The Acorn Woodpecker has one of the most distinctive faces of all the birds in North America! Though often said to have a ‘clown face’, I prefer to think of these beauties as clown princes, and princesses, of the bird world.
As if their very boldly patterned faces weren’t enough to garner them attention, they have rather raucous calls. Listen to their calls on the Audubon Guides webpage.
These birds are named for the nut that they spend many hours collecting and storing in holes they drill in trees. One of these so-called ‘granary trees’ where they store their acorns can have up to ’50,000 holes in it, each of which is filled with an acorn in autumn” according to All About Birds.Org. They store these acorns to provide food for them through winter when other food sources may be gone.
Acorn Woodpeckers are generally found from California to southern Oregon, Arizona, New Mexico and west Texas. Their have been two small populations in Colorado, one in the far southwestern part of the state, and the other on the eastern slope only a few miles from New Mexico.
Fortunately for me, a pair of Acorn Woodpeckers was found this June only 50 miles from where I live along the southern front range of Colorado. And this week-end I took these photographs of them as I watched them bringing food to a nest hole, documentation that they are nesting here. I think that’s pretty cool.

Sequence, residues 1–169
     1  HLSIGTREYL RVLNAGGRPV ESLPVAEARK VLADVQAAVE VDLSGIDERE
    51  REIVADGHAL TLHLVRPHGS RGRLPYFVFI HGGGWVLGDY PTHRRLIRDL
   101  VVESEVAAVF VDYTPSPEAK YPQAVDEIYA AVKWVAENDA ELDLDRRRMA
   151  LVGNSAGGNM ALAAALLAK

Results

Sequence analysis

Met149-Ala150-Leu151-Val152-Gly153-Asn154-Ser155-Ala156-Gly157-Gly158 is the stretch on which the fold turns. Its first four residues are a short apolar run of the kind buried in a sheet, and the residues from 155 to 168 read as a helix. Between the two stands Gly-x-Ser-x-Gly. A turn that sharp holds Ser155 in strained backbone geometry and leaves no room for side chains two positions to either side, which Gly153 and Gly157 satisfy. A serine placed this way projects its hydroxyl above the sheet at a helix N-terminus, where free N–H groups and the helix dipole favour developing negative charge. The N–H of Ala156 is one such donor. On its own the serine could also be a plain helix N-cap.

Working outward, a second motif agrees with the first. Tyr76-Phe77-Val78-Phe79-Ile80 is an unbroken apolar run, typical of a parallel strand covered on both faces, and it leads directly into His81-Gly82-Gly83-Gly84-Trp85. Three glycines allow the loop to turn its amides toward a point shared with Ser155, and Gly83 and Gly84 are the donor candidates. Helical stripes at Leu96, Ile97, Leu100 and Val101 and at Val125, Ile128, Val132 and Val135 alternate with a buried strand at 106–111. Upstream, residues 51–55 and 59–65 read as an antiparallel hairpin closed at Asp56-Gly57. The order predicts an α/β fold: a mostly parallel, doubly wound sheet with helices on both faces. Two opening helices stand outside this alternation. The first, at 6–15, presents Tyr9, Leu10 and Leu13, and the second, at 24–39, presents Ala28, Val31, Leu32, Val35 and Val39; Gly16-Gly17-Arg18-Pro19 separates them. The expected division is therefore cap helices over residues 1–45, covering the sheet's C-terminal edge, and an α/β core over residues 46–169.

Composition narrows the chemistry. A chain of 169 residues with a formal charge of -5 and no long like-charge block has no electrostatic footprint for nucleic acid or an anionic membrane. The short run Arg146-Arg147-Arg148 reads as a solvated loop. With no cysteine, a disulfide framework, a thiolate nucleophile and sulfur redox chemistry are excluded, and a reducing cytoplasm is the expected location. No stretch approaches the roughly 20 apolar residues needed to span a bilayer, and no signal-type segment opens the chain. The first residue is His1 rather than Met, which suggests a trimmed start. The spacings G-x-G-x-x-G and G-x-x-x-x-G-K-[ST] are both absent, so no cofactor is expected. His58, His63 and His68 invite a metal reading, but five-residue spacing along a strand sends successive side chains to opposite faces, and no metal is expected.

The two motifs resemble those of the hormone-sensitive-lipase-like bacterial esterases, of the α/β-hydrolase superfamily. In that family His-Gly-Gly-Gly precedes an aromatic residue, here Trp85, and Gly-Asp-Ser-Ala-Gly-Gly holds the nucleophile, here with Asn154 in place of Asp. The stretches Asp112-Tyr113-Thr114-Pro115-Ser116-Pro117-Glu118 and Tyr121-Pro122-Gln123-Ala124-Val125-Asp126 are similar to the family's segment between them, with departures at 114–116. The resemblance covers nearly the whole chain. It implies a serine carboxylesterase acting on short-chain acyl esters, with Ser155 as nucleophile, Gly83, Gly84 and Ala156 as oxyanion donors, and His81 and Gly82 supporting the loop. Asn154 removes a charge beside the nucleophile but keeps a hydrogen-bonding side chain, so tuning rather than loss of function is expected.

The above photo shows the female peaking out of the nest hole after bringing food in to her babies. These birds eat insects in addition to acorns and catch them in mid-air. I observed both the female and the male bringing insects into this nest hole to feed their babies. Like babies of a number of species including humans, baby birds need a lot of protein and even seed-eating species feed insects to their offspring to meet their protein needs.
The first Acorn Woodpeckers I saw nested in a tree in a lucky person’s front yard. Wouldn’t that be fun to have Acorn Woodpeckers in you yard?